The surface receptor for advanced glycosylation end-products (RAGE) and its soluble (sRAGE) and endogenous secretory (EN-RAGE) forms belong to the superfamily of toll-like receptors and play important roles in inflammation and autoimmunity, directly or through binding with advanced glycosylation end-products (AGE) and advanced oxidation protein products (AOPP). We reviewed the literature on the role of RAGE in skin diseases. Research in this field is still rather limited (28 articles) but suggests the involvement of RAGE and RAGE-related pathways in chronic inflammatory diseases (lupus, psoriasis, atopic dermatitis, and lichen planus), infectious diseases (leprosy, Staphylococcus aureus-induced skin lesions), alterations of the repairing processes in diabetic skin, systemic sclerosis, and ulcers. These data prompt further research in this field, which not only will be useful to better understand the pathogenetic mechanisms of diseases, but is also likely to have intriguing clinical implications. Indeed, when their role in the complex and multifactorial inflammatory balance will be adequately defined, RAGE and related molecules could be used as markers of disease severity and/or response to treatment. Moreover, future promising therapeutic perspectives could be topical administration of some of these molecules (e.g., sRAGE) to modulate local inflammatory response and/or the development of anti-RAGE antibodies for systemic treatment.

Involvement of RAGE and Oxidative Stress in Inflammatory and Infectious Skin Diseases

Guarneri, Fabrizio
;
Custurone, Paolo;Papaianni, Valeria;Gangemi, Sebastiano
2021-01-01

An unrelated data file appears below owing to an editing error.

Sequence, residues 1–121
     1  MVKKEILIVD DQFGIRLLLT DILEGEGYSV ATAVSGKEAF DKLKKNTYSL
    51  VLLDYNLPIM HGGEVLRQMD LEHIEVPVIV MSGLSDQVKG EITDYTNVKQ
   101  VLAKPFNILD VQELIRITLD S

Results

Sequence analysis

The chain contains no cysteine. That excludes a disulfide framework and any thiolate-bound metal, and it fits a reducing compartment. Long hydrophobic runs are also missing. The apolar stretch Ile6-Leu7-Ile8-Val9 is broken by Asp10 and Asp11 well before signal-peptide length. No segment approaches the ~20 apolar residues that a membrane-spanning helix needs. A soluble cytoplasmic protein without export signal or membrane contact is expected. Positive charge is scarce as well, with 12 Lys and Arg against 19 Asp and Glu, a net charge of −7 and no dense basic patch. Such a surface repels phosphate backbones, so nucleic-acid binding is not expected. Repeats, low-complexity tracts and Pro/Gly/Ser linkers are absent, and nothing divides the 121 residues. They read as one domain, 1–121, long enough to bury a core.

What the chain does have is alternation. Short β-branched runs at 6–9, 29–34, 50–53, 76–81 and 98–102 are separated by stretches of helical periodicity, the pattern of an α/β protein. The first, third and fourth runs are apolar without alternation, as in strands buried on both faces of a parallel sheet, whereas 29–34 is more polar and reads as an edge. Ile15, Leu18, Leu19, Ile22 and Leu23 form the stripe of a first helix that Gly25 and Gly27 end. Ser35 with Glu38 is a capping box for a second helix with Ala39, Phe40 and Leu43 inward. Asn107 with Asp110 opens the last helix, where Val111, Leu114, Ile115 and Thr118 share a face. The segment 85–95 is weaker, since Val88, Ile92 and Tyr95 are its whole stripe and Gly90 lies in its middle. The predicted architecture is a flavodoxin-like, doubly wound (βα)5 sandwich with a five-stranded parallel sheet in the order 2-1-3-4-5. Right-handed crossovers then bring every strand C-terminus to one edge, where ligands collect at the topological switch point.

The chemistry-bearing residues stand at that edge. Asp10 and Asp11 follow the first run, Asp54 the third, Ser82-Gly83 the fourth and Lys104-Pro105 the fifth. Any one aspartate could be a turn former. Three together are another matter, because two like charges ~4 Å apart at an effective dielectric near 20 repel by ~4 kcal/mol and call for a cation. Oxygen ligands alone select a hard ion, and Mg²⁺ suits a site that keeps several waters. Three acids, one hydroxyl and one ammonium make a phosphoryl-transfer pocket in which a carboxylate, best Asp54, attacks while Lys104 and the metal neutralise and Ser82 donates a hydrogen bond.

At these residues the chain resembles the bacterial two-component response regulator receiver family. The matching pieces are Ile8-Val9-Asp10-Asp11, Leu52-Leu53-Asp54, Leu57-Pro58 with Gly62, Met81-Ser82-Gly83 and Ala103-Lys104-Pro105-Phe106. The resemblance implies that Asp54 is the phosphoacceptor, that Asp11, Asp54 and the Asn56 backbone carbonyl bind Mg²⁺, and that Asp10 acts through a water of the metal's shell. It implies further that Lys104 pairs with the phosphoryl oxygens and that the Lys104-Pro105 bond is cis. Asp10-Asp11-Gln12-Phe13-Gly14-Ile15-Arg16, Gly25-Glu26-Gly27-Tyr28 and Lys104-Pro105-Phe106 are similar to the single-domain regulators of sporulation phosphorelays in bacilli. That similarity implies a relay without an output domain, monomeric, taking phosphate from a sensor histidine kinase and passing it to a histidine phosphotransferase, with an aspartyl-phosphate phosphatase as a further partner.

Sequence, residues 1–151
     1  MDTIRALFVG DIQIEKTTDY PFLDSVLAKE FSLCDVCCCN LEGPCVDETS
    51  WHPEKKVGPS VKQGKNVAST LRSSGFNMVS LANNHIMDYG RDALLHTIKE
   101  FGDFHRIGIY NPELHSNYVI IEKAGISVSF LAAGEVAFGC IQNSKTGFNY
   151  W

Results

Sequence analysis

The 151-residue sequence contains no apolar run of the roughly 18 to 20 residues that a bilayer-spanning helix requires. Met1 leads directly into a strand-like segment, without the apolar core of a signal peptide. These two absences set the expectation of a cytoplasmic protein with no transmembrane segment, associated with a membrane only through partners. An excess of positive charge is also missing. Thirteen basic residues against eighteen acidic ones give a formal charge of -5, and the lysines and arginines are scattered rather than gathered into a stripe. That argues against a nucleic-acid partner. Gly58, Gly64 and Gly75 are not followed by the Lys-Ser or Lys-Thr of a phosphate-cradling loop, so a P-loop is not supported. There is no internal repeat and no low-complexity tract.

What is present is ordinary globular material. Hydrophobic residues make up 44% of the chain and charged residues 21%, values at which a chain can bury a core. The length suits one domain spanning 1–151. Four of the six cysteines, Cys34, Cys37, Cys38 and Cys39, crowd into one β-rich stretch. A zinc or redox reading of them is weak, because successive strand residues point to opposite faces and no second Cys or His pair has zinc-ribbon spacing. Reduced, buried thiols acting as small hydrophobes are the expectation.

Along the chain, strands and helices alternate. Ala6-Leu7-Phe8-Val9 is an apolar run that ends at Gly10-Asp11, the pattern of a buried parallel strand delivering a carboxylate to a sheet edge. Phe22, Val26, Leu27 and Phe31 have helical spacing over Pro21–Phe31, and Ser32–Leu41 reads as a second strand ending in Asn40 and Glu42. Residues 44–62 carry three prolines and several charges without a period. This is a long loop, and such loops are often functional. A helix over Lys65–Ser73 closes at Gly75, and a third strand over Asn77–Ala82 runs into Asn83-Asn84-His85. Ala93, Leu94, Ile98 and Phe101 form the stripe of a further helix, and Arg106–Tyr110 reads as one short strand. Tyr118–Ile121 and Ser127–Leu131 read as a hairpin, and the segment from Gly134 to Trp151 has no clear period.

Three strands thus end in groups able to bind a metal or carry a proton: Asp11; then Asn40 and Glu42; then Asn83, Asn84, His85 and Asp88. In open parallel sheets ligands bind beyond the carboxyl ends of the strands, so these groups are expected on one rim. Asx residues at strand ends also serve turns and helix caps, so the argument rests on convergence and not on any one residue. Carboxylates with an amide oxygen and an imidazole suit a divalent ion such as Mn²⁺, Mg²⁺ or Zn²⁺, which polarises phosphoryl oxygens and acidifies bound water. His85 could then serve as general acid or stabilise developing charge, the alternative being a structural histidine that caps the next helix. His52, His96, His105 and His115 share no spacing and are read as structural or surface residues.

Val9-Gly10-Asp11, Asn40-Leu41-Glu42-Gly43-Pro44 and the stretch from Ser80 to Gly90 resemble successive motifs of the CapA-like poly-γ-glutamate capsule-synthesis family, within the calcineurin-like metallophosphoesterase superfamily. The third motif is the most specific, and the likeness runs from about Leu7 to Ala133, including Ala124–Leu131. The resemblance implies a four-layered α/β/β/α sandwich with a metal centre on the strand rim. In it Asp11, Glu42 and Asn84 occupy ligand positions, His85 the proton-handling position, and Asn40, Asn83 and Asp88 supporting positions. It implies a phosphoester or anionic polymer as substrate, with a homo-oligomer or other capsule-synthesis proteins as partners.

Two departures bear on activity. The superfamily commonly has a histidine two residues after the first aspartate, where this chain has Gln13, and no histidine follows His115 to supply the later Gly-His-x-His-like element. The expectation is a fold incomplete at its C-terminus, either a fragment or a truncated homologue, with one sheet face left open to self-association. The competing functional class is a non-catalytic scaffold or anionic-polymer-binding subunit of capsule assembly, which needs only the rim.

Abstract

The surface receptor for advanced glycosylation end-products (RAGE) and its soluble (sRAGE) and endogenous secretory (EN-RAGE) forms belong to the superfamily of toll-like receptors and play important roles in inflammation and autoimmunity, directly or through binding with advanced glycosylation end-products (AGE) and advanced oxidation protein products (AOPP). We reviewed the literature on the role of RAGE in skin diseases. Research in this field is still rather limited (28 articles) but suggests the involvement of RAGE and RAGE-related pathways in chronic inflammatory diseases (lupus, psoriasis, atopic dermatitis, and lichen planus), infectious diseases (leprosy, Staphylococcus aureus-induced skin lesions), alterations of the repairing processes in diabetic skin, systemic sclerosis, and ulcers. These data prompt further research in this field, which not only will be useful to better understand the pathogenetic mechanisms of diseases, but is also likely to have intriguing clinical implications. Indeed, when their role in the complex and multifactorial inflammatory balance will be adequately defined, RAGE and related molecules could be used as markers of disease severity and/or response to treatment. Moreover, future promising therapeutic perspectives could be topical administration of some of these molecules (e.g., sRAGE) to modulate local inflammatory response and/or the development of anti-RAGE antibodies for systemic treatment.
2021
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Utilizza questo identificativo per citare o creare un link a questo documento: https://hdl.handle.net/11570/3185172
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